Some Examples of Switching

Going through some switching topologies and assisting with some troubleshooting has reminded me that while switching can easily be dismissed as the “easy” part of networking, there are definitely some nuances you need to keep straight.  I’ve also learned that concepts alone are not getting it done from an understanding standpoint, so here are a couple of examples that hopefully can drive the point home.

A couple of quick facts to remember:

  • Switches forward frames based on destination MAC address
  • VLANs need to exist on every switch from your computer to your default gateway
  • SVIs (interface VLAN) provide a virtual interface for your default gateway
    • SVIs MUST have corresponding VLANs (interface VLAN 10, must also have a VLAN 10)
    • SVIs should generally only be placed on L3 switches that have “ip routing” turned on
  • A single subnet (VLAN) cannot pass through a router

Topology 1 – Simple Flat Topology, Single VLAN

Screen Shot 2016-09-02 at 9.48.42 PM

In the above topology, everything is in the same subnet/VLAN.  This is the simplest topology you can employ.  Switches come configured by default with everything in the same VLAN.  If you are only using 1 VLAN, you just configure the router port that connects to your switch in the same subnet and you are all set.

Topology 2 – Multiple VLAN, Router on a Stick (sub-interface)

Screen Shot 2016-09-02 at 9.49.07 PM

In this second topology, multiple subnets/VLANs are being used.  The router on the right hand side is using its Gigabit interface to perform inter-VLAN routing for VLANs 10, 20, and 30.  Each individual VLAN uses a sub-interface as its default gateway (example Gigabit 0/0.10 for VLAN 10).  This concept is known as Router-on-a-stick.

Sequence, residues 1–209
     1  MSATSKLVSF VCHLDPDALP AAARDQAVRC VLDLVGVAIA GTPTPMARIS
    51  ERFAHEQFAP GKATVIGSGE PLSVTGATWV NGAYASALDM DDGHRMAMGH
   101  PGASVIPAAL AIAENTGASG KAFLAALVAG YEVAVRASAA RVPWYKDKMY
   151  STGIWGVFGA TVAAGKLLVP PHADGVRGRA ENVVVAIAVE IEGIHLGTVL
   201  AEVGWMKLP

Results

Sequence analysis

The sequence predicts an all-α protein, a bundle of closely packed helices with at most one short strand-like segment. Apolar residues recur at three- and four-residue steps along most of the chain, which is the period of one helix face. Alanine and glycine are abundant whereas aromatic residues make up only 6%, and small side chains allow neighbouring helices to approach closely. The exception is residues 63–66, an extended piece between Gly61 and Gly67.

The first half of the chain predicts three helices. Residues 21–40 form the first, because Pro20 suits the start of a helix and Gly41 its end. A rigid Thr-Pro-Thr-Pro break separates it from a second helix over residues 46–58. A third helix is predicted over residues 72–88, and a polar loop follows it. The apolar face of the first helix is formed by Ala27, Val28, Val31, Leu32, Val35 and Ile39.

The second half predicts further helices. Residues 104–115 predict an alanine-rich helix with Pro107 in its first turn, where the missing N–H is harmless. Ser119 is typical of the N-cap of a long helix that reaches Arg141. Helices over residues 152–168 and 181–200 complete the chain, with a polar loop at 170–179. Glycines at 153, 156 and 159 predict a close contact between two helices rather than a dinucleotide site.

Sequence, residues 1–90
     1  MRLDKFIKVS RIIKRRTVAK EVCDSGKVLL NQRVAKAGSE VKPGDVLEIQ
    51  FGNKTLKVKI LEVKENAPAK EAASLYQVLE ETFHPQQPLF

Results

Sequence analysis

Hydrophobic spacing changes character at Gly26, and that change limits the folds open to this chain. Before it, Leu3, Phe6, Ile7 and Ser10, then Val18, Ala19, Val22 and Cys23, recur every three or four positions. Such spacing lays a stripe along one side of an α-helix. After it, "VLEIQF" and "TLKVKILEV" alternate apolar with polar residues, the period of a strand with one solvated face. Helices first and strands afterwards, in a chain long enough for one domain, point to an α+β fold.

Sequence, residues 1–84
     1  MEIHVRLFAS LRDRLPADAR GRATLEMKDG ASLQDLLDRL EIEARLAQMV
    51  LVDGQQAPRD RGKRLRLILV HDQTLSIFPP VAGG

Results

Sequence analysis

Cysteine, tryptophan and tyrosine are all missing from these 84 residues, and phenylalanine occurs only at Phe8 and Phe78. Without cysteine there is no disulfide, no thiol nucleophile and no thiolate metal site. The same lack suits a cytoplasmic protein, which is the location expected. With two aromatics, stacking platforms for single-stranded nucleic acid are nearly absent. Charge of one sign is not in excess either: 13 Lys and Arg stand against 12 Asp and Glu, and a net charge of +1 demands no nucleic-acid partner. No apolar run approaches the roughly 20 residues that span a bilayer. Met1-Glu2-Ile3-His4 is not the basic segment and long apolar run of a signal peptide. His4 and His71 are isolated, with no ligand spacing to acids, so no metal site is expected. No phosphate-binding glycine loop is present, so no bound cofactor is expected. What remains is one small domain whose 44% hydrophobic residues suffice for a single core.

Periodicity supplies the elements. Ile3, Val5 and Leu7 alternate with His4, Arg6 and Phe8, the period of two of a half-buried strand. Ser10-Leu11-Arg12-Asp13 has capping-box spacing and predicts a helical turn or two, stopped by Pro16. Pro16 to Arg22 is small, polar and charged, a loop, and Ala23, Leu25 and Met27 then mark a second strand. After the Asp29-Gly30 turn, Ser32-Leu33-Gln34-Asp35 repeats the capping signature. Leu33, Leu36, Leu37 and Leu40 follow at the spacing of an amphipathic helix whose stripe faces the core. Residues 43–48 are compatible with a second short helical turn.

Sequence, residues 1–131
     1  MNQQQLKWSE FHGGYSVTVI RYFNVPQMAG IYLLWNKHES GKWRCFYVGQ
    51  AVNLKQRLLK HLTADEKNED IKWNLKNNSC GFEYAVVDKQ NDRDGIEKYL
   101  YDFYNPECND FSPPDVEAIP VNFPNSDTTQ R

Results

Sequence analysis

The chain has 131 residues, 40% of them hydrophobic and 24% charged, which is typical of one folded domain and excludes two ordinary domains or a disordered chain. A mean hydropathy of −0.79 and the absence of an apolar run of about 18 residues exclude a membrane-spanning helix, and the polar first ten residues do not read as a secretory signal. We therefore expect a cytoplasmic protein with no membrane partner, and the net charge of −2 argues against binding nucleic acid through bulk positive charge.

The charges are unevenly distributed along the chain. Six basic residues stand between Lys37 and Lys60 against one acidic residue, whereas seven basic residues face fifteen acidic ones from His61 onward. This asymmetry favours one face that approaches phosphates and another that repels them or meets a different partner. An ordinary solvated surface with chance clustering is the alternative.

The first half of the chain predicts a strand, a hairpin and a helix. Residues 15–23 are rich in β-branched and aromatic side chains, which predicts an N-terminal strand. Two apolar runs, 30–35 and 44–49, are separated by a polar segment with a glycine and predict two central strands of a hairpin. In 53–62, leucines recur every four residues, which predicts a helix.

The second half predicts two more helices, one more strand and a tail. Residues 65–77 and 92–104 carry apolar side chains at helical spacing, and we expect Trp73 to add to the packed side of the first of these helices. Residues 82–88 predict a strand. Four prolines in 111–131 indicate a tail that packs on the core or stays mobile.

Topology 3 – Multiple VLAN, Routing using SVI on Layer 3 Switch

Screen Shot 2016-09-03 at 2.55.23 PM

In the above topology, we have swapped out a couple of L2 switches for L3 switches, and instead of performing inter-VLAN routing on the router, we are moving this function to the L3 switch.  One of the finer points: the VLAN 10 on the left side of the topology and the VLAN 10 on the right side have NOTHING to do with each other.  When you cross a layer 3 link (any point-to-point connection with IP addresses on each end), the VLANs lose their significance.  Said another way, the VLAN 10 on the left is a completely different VLAN from the VLAN 10 on the right.  Because they are different, they must each have a DIFFERENT subnet assigned to them (192.168.10.0/24 and 172.16.10.0/24).

We can go a bit further in later posts, but this should give you a good idea of some of the basic stuff you can expect to see.

Leave a Reply

Your email address will not be published. Required fields are marked *